If You Have A Name Like Dreadnought, You'd Better Live Up To It


Ready folks, because it's time to break out the superlatives. With a rush of adjectives such as "colossal", "supermassive" and "kind of big, I guess," researchers from Drexel University in Philadelphia, lead by Kenneth Lacorvara, have announced the discovery of the largest land animal to ever live, which makes it like the fourth or fifth one of those (and current pack leader). The beast in question: the 60 tonnes and 26 metre long sauropod Dreadnoughtus schrani. It belongs to the Titanosaur family, which also includes the similarly sized and geographically discovered Argentinosaurus. Dreadnoughtus, which means "fear nothing," was discovered in 2005, and over four years of excavating resulted in 45% of a complete skeleton, which by paleontological standards is a hell of a lot.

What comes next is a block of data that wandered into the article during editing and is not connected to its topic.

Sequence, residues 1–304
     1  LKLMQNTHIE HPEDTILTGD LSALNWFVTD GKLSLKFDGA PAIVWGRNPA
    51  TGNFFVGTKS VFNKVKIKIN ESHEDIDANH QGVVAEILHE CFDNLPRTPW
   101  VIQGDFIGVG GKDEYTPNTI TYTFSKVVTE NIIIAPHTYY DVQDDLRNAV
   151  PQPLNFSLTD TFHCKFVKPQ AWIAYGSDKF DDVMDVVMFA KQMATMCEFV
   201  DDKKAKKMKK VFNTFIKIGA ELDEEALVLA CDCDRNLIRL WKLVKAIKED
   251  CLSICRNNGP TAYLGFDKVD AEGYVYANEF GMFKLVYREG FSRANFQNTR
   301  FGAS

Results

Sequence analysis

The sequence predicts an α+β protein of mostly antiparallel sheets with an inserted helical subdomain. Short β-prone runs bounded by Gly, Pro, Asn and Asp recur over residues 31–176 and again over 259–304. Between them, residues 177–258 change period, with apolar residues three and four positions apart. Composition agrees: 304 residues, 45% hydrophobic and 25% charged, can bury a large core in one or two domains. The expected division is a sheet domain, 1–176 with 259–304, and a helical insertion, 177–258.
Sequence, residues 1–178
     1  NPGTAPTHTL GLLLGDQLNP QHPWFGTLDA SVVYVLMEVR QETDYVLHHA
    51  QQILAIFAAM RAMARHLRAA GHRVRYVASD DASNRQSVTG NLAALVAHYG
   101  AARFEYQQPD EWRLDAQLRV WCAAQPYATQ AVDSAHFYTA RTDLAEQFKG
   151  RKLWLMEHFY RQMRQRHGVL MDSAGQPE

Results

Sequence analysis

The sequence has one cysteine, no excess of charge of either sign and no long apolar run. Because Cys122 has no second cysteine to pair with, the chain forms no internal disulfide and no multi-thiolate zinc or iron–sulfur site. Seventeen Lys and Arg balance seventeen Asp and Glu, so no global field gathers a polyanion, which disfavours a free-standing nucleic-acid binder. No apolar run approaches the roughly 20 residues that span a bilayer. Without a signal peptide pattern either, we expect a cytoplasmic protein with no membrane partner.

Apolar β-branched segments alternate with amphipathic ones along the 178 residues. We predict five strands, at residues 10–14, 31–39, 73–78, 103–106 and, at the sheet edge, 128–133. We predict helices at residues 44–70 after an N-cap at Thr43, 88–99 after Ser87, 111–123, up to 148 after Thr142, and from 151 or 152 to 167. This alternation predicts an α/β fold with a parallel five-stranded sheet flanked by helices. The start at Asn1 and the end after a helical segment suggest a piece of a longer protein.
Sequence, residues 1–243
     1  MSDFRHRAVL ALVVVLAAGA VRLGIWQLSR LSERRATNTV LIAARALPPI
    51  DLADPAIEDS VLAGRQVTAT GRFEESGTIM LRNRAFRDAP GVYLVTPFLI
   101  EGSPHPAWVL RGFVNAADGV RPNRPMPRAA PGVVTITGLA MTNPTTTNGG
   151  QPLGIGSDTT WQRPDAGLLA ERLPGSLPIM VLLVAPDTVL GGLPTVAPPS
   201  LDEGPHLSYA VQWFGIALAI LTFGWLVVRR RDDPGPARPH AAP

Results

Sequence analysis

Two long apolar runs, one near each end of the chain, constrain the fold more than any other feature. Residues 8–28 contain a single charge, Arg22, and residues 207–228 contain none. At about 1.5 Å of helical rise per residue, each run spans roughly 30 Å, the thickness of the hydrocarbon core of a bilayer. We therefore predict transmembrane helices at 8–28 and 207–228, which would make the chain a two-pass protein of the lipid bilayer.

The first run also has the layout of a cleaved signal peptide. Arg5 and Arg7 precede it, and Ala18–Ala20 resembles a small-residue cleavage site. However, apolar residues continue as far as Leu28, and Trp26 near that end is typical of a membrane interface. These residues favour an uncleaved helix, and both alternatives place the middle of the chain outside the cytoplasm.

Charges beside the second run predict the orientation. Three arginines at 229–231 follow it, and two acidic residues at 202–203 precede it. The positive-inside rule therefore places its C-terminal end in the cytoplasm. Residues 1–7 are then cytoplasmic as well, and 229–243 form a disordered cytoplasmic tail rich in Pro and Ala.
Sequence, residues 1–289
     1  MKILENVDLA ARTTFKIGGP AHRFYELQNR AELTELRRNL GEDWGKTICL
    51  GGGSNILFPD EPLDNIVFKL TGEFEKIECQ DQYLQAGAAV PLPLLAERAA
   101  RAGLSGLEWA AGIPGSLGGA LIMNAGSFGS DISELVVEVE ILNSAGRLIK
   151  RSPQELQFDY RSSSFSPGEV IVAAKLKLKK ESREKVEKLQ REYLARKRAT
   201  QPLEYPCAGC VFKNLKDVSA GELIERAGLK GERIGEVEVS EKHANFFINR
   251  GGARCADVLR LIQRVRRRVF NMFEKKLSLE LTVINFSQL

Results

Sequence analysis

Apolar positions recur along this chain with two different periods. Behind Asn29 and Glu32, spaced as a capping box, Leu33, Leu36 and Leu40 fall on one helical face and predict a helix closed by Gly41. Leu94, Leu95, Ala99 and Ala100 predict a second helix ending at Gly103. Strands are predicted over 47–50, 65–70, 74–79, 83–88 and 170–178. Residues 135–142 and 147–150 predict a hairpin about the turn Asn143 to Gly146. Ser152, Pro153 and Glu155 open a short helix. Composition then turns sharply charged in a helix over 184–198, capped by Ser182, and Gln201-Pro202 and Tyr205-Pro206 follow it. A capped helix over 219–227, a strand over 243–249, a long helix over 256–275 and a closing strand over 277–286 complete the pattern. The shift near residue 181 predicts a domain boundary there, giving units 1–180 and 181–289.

The animal was discovered in modern Patagonia, making it only the latest discovery of gigantism in species native to the ancient Argentinian landscape known as Gondwanaland. Clearly, something was happening on an evolutionary and likely environmentally level that was causing the animals in this area to grow to sizes that literally strain the limits of what terrestrial animals are capable of. What was causing this spurt of growth 80 million years ago is unknown, but it sure made for some damned fascinating animals.

Via The Guardian.
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About MR. Clark

Adopting the descriptor of "successfully unpublished author", MR. Clark began writing things on the internet in 2012, which he believed to be an entirely reputable and civilized place to find and deliver information. He regrets much.

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